- The Washington Times - Tuesday, May 15, 2001

The Supreme Court agreed unanimously yesterday that "marijuana clubs" may not invoke a patients illness as a defense from federal prosecution, but justices bickered over whether sick patients themselves can avert arrest by claiming they need pot.
"We hold that medical necessity is not a defense to manufacturing and distributing marijuana," the court said in its 8-0 judgment allowing federal officials to shut down such operations in California and eight other states. But only five justices signed its explanatory opinion because of a spirited argument over Footnote 7.
The footnote, suggesting that even serious illness would not excuse a patient — a comment not necessarily binding in other cases — was a side issue that lawyers call "dicta" in the opinion written by Justice Clarence Thomas and backed by Chief Justice William H. Rehnquist with Justices Sandra Day OConnor, Antonin Scalia and Anthony M. Kennedy.
"Whether the defense might be available to a seriously ill patient for whom there is no alternative means of avoiding starvation or extraordinary suffering is a difficult issue that is not presented here," Justices John Paul Stevens, David H. Souter and Ruth Bader Ginsburg countered in chiding their colleagues for venturing beyond the facts in the case.
Many advocates of permitting marijuana use for medicinal purposes claim it offsets nausea and other discomfort that causes patients with cancer and AIDS to wither from malnutrition, but the court disputed that stance.
"It is clear from the text of the act that Congress has made a determination that marijuana has no medical benefits worthy of an exception," Justice Thomas wrote.
"Its encouraging to see the Supreme Court has seen through the pot enthusiasts smoke screen by ruling in favor of the federal government," said Robert Maginnis, of the Family Research Council, who called lobbyists for medical marijuana a front for drug legalization. "Smoking pot is never sound medicine."
Chuck Thomas, communications director for the Marijuana Policy Project, minimized the decisions impact on the premise that virtually all marijuana prosecutions are at state and local levels.
"Were still going to be able to protect 99 percent of the marijuana users. The Drug Enforcement Administration doesnt have the resources to go into states and deal with individual users," Mr. Thomas said.
Joyce Nalepka of Silver Spring, president of Drug Free Kids, praised yesterdays decision, which she expected to help her organizations campaign to block the practice of using voter initiatives to approve medicines by popular vote.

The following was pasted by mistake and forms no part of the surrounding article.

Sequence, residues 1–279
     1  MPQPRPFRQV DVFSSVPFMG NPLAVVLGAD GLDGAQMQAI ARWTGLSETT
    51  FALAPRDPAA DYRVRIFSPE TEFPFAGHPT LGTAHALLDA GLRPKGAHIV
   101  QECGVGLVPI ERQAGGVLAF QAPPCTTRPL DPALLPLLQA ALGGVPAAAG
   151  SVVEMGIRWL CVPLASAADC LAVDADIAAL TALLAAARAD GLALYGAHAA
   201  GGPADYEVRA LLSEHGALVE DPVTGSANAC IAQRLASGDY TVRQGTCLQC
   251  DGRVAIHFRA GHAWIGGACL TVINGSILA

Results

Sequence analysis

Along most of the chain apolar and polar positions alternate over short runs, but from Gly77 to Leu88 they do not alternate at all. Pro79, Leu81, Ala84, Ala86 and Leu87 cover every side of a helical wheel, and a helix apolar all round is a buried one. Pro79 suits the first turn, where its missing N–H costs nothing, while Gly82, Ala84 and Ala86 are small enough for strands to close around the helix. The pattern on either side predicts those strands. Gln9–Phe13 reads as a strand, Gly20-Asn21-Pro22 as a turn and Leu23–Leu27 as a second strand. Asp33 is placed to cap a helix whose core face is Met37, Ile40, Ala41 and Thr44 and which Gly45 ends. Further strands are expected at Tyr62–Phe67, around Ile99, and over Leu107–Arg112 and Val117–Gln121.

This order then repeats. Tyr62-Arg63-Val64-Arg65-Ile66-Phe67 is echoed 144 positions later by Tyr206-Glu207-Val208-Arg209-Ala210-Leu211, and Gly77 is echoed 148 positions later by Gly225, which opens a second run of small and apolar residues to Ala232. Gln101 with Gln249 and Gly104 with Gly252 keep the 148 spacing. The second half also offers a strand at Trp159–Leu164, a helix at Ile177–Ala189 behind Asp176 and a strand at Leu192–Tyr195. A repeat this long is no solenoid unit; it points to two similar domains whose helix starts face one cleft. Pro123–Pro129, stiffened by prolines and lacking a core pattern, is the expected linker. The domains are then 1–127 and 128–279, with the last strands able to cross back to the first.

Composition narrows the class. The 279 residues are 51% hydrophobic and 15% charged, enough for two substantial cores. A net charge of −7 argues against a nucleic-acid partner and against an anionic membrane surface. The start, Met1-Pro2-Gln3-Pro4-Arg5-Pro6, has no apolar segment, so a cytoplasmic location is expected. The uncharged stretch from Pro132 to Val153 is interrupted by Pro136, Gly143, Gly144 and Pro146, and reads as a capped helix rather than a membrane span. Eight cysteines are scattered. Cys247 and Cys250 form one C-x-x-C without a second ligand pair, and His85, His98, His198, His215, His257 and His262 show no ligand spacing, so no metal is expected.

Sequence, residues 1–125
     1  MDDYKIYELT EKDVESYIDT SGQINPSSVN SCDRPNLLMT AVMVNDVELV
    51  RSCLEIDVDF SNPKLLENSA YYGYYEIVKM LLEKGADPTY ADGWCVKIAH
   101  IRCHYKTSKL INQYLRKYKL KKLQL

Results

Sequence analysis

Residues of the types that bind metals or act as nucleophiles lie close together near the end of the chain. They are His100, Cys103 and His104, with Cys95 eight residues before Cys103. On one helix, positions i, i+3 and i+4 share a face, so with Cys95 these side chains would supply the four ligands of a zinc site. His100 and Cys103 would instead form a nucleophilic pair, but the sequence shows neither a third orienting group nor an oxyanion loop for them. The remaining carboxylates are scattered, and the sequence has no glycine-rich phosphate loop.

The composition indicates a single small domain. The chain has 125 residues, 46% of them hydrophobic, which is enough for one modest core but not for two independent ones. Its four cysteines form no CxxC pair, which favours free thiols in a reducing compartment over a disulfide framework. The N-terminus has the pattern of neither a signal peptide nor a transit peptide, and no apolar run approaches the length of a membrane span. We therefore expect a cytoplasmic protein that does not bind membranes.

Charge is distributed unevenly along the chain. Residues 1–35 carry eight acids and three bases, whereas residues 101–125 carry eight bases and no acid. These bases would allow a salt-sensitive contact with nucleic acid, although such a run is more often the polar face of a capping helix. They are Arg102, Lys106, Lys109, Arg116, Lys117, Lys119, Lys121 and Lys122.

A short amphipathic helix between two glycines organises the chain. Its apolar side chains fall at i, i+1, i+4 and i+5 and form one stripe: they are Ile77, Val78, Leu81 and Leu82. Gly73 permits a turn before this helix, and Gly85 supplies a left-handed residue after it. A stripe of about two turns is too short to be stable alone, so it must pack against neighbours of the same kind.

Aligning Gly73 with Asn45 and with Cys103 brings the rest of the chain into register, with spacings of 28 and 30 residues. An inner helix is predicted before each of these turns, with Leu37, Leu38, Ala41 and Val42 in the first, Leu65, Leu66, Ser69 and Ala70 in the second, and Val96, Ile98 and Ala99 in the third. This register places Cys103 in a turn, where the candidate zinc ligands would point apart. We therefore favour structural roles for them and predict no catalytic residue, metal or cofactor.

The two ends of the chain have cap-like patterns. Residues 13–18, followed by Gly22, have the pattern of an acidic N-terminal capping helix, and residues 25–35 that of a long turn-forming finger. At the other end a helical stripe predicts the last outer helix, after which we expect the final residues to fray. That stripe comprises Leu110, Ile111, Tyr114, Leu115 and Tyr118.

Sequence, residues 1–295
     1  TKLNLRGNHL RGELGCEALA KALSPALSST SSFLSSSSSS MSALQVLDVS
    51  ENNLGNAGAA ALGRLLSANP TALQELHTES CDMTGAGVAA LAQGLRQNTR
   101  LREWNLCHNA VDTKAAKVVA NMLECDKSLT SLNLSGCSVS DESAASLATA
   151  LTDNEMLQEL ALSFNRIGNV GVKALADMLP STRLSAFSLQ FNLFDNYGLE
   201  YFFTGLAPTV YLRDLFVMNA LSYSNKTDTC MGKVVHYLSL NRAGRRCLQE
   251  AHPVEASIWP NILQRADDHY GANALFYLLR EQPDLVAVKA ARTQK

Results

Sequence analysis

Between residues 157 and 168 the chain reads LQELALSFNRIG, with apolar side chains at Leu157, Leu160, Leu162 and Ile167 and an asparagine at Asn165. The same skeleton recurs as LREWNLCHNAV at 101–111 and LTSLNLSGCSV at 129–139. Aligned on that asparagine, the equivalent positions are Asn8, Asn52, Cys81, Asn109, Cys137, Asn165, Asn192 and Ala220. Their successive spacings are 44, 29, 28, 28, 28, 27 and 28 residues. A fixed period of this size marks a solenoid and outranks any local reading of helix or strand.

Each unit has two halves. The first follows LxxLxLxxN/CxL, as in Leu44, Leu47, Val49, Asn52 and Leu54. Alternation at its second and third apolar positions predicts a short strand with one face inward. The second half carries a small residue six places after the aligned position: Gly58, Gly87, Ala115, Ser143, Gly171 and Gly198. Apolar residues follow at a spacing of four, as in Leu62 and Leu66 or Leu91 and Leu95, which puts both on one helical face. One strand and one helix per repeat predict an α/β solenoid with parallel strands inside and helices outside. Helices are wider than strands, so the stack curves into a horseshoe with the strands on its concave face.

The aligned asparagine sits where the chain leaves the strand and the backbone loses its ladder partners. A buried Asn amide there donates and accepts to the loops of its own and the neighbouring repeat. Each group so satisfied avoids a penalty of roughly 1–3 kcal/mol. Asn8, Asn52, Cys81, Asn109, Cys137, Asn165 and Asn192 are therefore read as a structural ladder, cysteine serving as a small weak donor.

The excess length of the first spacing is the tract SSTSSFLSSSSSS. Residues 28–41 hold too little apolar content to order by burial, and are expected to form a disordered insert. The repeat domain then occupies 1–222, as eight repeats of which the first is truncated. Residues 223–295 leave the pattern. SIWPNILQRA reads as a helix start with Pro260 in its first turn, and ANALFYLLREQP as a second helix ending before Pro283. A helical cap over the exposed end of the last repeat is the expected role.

"We agree with Justice Thomas. For all Schedule 1 drugs, there is no medicinal use. We are going to work to turn back those initiatives," Mrs. Nalepka said.
Alaska, Arizona, Colorado, Hawaii, Maine, Nevada, Oregon and Washington followed the lead of Californias voter initiative to permit medicinal use of marijuana.
Justice Stephen G. Breyer took no part in the case because his brother, U.S. District Judge Charles Breyer, originally granted a federal request to block marijuana distribution by Oakland Cannabis Buyers Cooperative and five other distributors.
The 9th U.S. Circuit Court of Appeals reversed the lower court and ordered Judge Breyer to clarify "criteria for a medical necessity exemption."
The justices had no disagreement about overturning the 9th Circuit order, which applied solely to distributors and manufacturers.
But the five justices who see the federal marijuana ban as absolute used the same footnote to lecture against judicial interference, even to support federalism by letting state law prevail.
"We share Justice Stevens concern for showing respect to the sovereign states that comprise our federal union," Justice Thomas wrote.
"However, we are construing an act of Congress, not drafting it. Because federal courts interpret, rather than author, the federal criminal code, we are not at liberty to rewrite it," he said in rebutting what he construed as a call for judicial activism.
In other action yesterday, the high court:
* Ruled that federal appeals courts should use a broad standard to decide if awards of punitive damages are so large as to be unconstitutional. The court ordered further review of a $4.5 million punitive award against Cooper Industries, a small California tool company.
* Allowed Tennessee to sentence Wilbert K. Rogers to 33 years in prison for murder even though his victim, James Bowdery, died 15 months after being stabbed. State law held attackers responsible for a death only if it occurred within a year and a day of the assault.
* Agreed to decide if police may prosecute new crimes with evidence seized from homes of criminals who consent to blanket searches as a condition of probation on earlier convictions.
* Made public new appeal papers filed Friday night by Terry Nichols, asking the justices to reconsider denial of his plea for a new trial on charges he conspired with Timothy McVeigh in the Oklahoma City bombing that killed 168 persons. He said his plea is justified by the FBIs failure to give defense attorneys thousands of documents, an omission that also led to postponement until June 11 of McVeighs scheduled execution tomorrow.

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